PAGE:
OECD Development Policy Papers

ISSN: 
2414-0929 (online)
DOI: 
10.1787/24140929
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The OECD Strategy on Development aims to strengthen the Organisation’s contributions to inclusive and sustainable growth in a wide array of countries. It draws on OECD’s evidence-based approaches, policy dialogue and knowledge sharing to improve policy making and economic reform. This strategy identifies four interlinked thematic areas: innovative and sustainable sources of growth; mobilisation of resources for development; governance for development; and measuring progress for development. Designed for a wide readership, the OECD Development Policy Papers are intended to stimulate discussion and analysis on these topics.
 

Aid for Trade and the Sustainable Development Agenda

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Author(s):
Frans Lammersen1, William Hynes
Author Affiliations
  • 1: OECD, France

13 Dec 2016
Bibliographic information
No.:
5
Pages:
32
DOI: 
10.1787/69af6b8e-en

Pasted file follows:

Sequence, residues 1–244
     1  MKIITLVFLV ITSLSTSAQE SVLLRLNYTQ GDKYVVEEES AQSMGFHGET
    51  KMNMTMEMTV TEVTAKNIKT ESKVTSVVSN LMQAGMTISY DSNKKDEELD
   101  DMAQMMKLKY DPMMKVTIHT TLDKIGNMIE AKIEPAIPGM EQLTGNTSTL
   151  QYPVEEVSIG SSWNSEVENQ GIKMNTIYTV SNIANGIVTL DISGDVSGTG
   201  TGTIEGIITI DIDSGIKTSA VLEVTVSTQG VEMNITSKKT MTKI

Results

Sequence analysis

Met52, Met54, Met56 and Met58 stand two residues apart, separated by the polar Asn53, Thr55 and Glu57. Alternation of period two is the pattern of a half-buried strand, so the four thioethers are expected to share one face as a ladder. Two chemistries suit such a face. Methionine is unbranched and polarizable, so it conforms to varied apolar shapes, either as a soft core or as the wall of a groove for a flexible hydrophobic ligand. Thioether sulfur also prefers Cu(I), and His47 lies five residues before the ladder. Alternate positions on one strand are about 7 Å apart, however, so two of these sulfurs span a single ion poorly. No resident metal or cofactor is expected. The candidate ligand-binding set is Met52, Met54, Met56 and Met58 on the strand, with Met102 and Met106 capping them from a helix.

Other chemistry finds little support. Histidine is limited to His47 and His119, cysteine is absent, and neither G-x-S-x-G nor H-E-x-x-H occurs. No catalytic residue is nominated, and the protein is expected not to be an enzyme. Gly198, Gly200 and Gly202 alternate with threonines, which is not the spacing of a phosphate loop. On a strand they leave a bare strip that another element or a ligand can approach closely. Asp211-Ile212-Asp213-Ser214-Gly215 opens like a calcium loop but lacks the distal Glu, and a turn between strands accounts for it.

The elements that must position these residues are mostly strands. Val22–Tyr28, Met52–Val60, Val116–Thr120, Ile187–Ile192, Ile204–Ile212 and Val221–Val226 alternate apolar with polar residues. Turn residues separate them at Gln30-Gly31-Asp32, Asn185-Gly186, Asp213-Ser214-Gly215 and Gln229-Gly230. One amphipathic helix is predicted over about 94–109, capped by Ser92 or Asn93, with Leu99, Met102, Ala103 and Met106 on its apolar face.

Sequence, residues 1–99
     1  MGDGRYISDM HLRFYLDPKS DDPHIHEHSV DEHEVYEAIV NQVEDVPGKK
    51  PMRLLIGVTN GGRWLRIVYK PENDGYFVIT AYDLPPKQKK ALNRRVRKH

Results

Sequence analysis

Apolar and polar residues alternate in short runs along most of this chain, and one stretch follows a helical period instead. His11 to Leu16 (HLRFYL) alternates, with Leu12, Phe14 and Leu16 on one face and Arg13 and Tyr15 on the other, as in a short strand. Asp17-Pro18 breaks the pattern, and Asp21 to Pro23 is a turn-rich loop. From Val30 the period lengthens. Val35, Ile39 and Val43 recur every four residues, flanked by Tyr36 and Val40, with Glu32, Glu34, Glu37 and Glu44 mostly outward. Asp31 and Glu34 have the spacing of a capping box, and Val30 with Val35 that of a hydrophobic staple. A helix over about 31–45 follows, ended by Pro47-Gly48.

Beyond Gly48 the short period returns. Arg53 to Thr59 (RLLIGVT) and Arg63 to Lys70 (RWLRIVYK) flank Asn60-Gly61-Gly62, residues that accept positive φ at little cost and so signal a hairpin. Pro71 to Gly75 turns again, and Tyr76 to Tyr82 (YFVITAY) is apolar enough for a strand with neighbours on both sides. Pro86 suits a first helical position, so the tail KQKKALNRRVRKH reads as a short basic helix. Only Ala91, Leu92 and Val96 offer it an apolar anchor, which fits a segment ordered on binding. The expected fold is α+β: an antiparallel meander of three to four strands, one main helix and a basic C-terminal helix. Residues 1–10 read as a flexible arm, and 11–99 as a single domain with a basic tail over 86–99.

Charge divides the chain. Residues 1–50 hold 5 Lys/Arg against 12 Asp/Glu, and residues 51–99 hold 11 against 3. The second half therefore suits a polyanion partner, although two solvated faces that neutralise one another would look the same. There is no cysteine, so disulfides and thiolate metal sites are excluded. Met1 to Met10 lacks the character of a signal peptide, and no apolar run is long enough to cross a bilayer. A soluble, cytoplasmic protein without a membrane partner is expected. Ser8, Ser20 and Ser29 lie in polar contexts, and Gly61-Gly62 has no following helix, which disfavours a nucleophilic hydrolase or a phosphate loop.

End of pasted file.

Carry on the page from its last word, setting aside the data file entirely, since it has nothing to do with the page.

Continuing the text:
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The 2030 Agenda for Sustainable Development with the Sustainable Development Goals at its core calls to “(…) increase aid-for-trade support for developing countries, in particular least developed countries.” This call echoes a similar appeal in the Addis Ababa Action Agenda of the Third International Conference on Financing for Development. In response, the OECD Action Plan on the Sustainable Development Goals: Better Policies for 2030 also argues for further promoting aid for trade and ensuring that it supports the achievement of the Sustainable Development Goals. This paper discusses how aid for trade can contribute to these goals. It argues that the Aid-for-Trade Initiative already takes an integrated and multi-dimensional approach to promoting trade, economic growth and poverty reduction. Aid-for-trade programmes are critical to turn trade opportunities into trade flows, but more is needed to make trade an engine for green growth and poverty reduction for both men and women. International companies are already increasing their financial and technical contribution to building trade-related capacities in developing countries. Strengthening private sector engagement further could be achieved by expanding platforms for project-based collaboration that create multi-stakeholder value. Such approaches will better facilitate trade for development and strengthen the contribution of aid for trade to the 2030 Sustainable Development Agenda.
 
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